The walnut caterpillar is capable of stripping pecan trees of their leaves, but damage to the orchard may depend on when the pest infestations takes place.
Dr. Charles Allen, Texas A&M AgriLife Extension Service entomologist, San Angelo, says he and his colleagues from Central and South Texas have been getting numerous reports over the past few weeks of pecan trees suddenly being denuded. Walnut caterpillars may be the culprit.
“Walnut caterpillars are often mistaken for webworms, but they don’t make a web, though they do a lot of the same things,” Allen says. “They typically hit our region in the fall and are capable of defoliating whole trees.
“That sounds pretty bad and it can be, or maybe not,” he said.
These caterpillars are fairly large, up to an inch or more long, dark colored with lines down the body, and they are very fuzzy or actually hairy. The caterpillars feed on the leaves of pecan, hickory and walnut trees, which are all closely related. The eggs are laid next to each other and are bright white and reflective.
When the larvae hatch, they feed in a group for several days. The tree may look perfect with just a limb or two eaten bare, which Allen says is not a major issue. But if the tree has lots of egg clusters, chances are it will soon have lots of caterpillars and more defoliation. Even then, the fall season—when they usually hit Central Texas—may be the saving grace.
DEFOLIATION A CONCERN
“Major defoliation is always a concern, but depending on the time of the year, may not be a big problem for the tree,” he says. “Before you risk falling off your roof trying to spray the culprits, remember we’re getting to the point where it may not be as big an issue as it looks.
“That’s because the leaves become less and less functional as we move further into fall. They’re going to start falling before long anyway, so it’s not going to hurt the tree if it loses its leaves as we go further into the fall, say mid- to late October for the central part of the state. We’re getting close to that point right now, so you may not need to do anything to control the caterpillars.”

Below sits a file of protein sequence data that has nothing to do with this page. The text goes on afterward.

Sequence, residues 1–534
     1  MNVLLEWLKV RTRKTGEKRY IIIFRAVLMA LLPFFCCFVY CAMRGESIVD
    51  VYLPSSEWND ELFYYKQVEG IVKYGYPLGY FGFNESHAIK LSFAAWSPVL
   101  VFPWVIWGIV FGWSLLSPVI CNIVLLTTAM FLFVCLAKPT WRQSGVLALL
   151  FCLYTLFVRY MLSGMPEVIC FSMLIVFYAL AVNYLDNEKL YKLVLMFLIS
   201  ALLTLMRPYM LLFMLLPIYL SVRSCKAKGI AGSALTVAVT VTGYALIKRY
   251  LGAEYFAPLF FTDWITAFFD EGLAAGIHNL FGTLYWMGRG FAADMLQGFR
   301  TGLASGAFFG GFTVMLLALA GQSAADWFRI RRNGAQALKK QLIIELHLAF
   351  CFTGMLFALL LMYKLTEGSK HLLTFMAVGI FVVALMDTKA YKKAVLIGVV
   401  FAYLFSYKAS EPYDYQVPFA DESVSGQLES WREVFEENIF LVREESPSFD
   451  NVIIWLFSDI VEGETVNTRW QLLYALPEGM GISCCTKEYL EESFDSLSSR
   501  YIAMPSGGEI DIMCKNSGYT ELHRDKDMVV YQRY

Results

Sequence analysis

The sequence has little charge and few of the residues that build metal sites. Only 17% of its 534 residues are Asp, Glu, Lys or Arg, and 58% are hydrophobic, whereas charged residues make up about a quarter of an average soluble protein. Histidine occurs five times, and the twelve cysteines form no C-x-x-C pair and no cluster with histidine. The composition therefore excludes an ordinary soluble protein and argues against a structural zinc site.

For those who want to apply some level of control, Allen recommends taking advantage of the caterpillar’ habits. As the caterpillars mature, they move down the trunk of the tree, making them easier to spray.
“You can treat the caterpillars as they reach the rough bark on the trunk,” he says. “That’s a whole lot easier than trying to treat the whole tree.”
Hose-end sprayers using a contact insecticide approved for walnut caterpillars are very effective, he says, though the rate of delivery and other label information should be closely adhered to.
“Caterpillar damage is mostly an issue of aesthetics at this point because the pecan crop is pretty much made,” he says. “At this time of year, the leaves are producing food that goes back to the roots where it’s stored and will be used next spring to push the buds and make the leaves.
“That’s really the biggest concern about major defoliation now; it’s that energy storage component. But at this time, those leaves are storing less and less energy, and since the nuts are mature, in mid-fall, the food produced by the leaves is not going to the nuts themselves, but rather the tree’s roots.
“A good way to scout for impending populations is to go out at night and shine a flashlight into the tree, and those white egg masses will really shine,” Allen says. “So you can tell at night whether you have an egg-lay or not. After the eggs have hatched, typically the caterpillars clump up on a few leaves and as they get a little older, they’ll spread out from there.
“They are not poisonous and they don’t sting,” he adds. “They are interesting because they react to any perceived threat by raising their heads and tails and wiggling threateningly, but it’s all just for show.”
The caterpillars eventually metamorph into a distinctive, rather large brown-patterned moth.
“Having the caterpillars is an annual thing, but it’s not an annual thing everywhere,” he says. “It tends to be pretty sporadic in this part of the world. Closer to the Gulf Coast, it’s more common every year. Fort Bend County, southwest of Houston, seems to be where they show up every year in pretty high numbers, but not so much in other parts of Texas.
“So if you must have a pest, this is not a bad pest to have, most of the time, because it attacks late in the season when the leaves are about to lose their utility. And whether you do or don’t take action to control them, it doesn’t make much difference one way or the other when they occur late. As each day passes from now through the end of October, those leaves are less and less valuable to the tree and most of the food storage we are looking for has already happened.”
Source: Steve Byrns, Southwest Farm Press
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